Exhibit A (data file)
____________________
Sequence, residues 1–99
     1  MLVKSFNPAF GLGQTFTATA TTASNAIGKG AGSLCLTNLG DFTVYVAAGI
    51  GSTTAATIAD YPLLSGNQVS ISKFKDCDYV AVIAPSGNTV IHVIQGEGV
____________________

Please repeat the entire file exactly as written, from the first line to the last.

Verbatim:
Sequence, residues 1–99
     1  MLVKSFNPAF GLGQTFTATA TTASNAIGKG AGSLCLTNLG DFTVYVAAGI
    51  GSTTAATIAD YPLLSGNQVS ISKFKDCDYV AVIAPSGNTV IHVIQGEGV